A brief history
The story of Clermont Harbor begins before recorded history, as indicated by pottery shards, arrow heads, and other evidence of prehistoric Indian occupation. Situated between two marshes, its forested lands reached down to the Mississippi Sound, ideal for fishing and hunting for early settlers.
Bienville passed this site in 1699 with chronicler Andre Penicaut, who clearly described in his journal a nearby waterway, now called Bayou Caddy. Not much is known about the area until 1837, when the U.S. Land Office at Jackson sold 571 acres for $1.25 per acre to Peter Chambliss and Charles Lacoste, of Natchez. In 1852, state geologist Benjamin Wailes commented in his log that there were “two or three widely separated huts” where he hitched a ride with one of the early settlers, Peter Ioor.
By 1898, “Clermont City” was platted, indicating that a village was in the making. Besides Ioor, some of the early owners bore names like Herrin, Lobrano, and Bordage.
After the turn of the 20th century, real growth began with the investments of the Gulf Coast Development Corporation and its president, Charles Hopkins. A new plat, dated 1911, was dedicated, creating the town’s present grid of streets. Besides the cutting of streets, some sidewalks were laid and the harbor was dug. Thus, the new name became “Clermont Harbor.” Also, a beautiful hotel with Greek Revival architecture was built, and hundreds of prospective owners were brought in by train from New Orleans to promote the sale of lots.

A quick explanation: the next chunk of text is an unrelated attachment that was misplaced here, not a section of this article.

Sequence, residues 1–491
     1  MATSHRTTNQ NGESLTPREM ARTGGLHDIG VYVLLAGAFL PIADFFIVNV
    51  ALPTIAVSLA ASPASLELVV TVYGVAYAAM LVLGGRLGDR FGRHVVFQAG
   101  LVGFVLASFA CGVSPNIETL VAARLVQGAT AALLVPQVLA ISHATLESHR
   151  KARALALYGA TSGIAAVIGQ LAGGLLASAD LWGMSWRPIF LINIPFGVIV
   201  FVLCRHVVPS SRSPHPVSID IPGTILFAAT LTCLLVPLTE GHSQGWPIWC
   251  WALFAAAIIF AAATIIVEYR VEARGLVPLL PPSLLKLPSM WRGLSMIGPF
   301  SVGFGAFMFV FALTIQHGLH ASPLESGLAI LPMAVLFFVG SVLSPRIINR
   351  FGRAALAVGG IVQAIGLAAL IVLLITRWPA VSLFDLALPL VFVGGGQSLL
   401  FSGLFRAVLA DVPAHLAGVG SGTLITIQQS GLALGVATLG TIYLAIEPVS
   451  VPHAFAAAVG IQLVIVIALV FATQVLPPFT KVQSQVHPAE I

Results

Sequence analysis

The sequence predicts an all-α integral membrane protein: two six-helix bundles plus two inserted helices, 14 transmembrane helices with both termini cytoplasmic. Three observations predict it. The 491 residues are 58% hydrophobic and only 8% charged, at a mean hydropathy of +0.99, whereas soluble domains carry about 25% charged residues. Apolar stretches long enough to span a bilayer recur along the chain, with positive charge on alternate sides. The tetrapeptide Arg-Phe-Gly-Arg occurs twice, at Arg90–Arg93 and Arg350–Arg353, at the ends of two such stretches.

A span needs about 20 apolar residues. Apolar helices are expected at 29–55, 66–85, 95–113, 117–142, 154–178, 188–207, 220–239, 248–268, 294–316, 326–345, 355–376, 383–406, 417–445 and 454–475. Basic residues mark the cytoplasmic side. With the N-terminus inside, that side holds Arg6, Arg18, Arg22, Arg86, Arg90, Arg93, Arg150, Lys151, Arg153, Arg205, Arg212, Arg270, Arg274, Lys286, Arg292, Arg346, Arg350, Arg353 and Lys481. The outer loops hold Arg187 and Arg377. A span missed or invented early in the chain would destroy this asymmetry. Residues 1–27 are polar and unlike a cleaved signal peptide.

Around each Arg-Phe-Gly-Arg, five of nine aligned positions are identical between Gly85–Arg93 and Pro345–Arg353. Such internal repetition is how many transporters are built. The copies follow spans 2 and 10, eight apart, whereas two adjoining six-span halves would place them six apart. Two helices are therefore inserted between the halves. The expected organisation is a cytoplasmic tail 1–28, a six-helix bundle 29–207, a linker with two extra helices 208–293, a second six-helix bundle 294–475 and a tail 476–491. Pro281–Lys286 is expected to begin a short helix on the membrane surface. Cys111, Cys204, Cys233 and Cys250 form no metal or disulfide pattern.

Clermont Harbor, it was hoped, was to become the “Riviera of New Orleans.”
While the village may never have developed to that anticipation, people did buy and build, and fell in love with the easy, slow life of the community. Eventually, there were two groceries, two restaurants and bars, two churches, an ice scream parlor, a commuter train, and much successful fishing and crabbing. The town did its civic duty during World War II by staffing a plane spotting tower built to resemble a lighthouse.
Over the years, Clermont survived several tests, beginning with the 1915 hurricane. In 1946, the hotel burned down. This event was followed by the hurricane of 1947, and then by Betsy in 1965 and Camille in 1969.
In August 2005, Katrina, a hurricane of immense strength and tidal surge, destroyed all but the raw land and the dear memories of the inhabitants of Clermont Harbor.